The case was the occasion of much facetious comment in the daily press. The Echo printed the only serious report. The story was summed up on the basis of the sitters' written testimony by Abraham Wallace in Light (1918, p. 259) as follows:
"Neither door nor window could have been opened without the admission of light. After various phenomena usual in dark séances had taken place someone asked Katie King, one of the controls, to bring something. Another member of the circle observed, in a joking sort of way, 'I wish you would bring Mrs. Guppy.' Upon which a third remarked: 'Good gracious, I hope not, she is one of the biggest women in London.' Katie's voice at once said 'I will, I will, I will.' Then John's voice was heard to exclaim, 'Keep still, can't you?' In an instant somebody called out: 'Good God, there is something on my head' simultaneously with a heavy bump on the table and one or two screams. A match was struck, and there was Mrs. Guppy on the table with the whole of the sitters seated round it closely packed together as they sat at the commencement. Mrs. Guppy appeared to be in a trance, and was perfectly motionless. Great fears were entertained that the shock would be injurious to her. She had one arm over her eyes, and was arrayed in a loose morning gown with a pair of bedroom slippers on, and in a more or less décolleté condition. When telling me the story, Mrs. Volckman very naturally said how much she disliked having been brought in such a state into the presence of strangers. There was a pen in one hand, which was down by her side. From the first mention of bringing her to the time she was on the table three minutes did not elapse. It seems that Mrs. Guppy had a pen in one hand and an account book in the other. She had been making up her weekly accounts and had just written the word 'onions,' the ink still being wet on the page."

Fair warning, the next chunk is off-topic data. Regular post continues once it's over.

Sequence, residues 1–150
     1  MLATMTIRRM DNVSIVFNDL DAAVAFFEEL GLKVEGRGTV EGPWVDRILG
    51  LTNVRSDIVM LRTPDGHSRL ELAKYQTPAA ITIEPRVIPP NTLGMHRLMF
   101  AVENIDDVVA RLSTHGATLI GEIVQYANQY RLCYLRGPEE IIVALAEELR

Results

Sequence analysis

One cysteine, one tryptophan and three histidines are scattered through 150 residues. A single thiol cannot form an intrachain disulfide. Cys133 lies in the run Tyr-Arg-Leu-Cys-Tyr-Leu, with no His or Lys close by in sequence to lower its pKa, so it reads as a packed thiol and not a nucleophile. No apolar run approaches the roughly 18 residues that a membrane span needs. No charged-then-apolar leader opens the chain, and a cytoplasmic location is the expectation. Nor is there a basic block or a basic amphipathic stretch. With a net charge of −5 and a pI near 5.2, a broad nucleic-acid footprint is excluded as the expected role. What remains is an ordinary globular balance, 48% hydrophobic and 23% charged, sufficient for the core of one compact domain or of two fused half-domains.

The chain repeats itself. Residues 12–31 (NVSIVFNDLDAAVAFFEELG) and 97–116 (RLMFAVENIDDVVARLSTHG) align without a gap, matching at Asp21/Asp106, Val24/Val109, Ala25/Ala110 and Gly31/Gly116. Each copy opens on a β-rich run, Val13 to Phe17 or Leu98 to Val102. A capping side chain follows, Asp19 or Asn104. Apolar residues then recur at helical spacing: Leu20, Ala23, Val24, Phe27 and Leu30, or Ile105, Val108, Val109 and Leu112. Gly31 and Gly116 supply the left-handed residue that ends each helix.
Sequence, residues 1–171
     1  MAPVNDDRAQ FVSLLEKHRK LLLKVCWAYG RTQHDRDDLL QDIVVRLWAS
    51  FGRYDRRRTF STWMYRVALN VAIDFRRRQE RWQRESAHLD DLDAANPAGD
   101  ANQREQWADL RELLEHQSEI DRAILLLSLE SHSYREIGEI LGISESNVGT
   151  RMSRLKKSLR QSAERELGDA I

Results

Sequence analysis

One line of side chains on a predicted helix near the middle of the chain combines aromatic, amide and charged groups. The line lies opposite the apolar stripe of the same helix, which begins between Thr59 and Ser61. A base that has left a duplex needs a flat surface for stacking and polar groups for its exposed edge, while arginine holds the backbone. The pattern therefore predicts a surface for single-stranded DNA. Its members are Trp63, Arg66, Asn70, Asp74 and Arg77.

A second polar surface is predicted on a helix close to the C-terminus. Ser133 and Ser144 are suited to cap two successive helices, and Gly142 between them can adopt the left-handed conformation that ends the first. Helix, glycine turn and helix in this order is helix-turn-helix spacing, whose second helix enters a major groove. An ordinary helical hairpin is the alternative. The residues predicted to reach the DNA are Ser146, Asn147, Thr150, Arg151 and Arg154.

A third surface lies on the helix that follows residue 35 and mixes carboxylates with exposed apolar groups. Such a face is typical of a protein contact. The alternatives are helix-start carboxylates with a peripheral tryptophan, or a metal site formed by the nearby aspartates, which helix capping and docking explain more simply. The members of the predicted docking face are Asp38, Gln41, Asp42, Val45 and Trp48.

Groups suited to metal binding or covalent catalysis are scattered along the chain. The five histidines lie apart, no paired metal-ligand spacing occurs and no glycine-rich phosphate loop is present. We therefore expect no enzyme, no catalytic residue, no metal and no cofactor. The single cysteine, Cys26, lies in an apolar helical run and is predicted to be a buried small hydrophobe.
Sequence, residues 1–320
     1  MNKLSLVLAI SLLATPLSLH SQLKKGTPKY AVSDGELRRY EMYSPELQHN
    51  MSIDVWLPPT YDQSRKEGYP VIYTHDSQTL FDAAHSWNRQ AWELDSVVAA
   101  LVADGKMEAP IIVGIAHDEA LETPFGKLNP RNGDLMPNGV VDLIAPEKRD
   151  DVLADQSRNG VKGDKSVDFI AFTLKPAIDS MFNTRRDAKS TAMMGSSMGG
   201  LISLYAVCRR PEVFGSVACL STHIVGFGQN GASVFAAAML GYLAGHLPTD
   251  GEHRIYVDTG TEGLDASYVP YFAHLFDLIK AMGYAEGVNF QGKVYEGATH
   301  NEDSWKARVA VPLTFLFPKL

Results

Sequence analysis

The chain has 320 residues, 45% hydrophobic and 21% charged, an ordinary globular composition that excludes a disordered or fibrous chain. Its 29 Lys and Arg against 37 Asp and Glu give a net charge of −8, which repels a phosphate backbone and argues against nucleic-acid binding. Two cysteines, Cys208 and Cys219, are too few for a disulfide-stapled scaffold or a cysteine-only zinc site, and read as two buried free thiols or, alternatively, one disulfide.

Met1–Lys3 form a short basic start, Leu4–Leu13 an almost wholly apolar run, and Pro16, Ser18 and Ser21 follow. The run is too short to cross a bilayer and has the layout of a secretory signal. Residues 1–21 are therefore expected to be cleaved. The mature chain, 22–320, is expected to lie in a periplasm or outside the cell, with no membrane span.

After Guppy-Volckman had shaken off the effect of the shock, the séance was continued with her presence. During this part of the séance, her boots, hat, and clothes arrived from her home, as well as lots of flowers. Both Herne and Williams were levitated and disappeared in turns.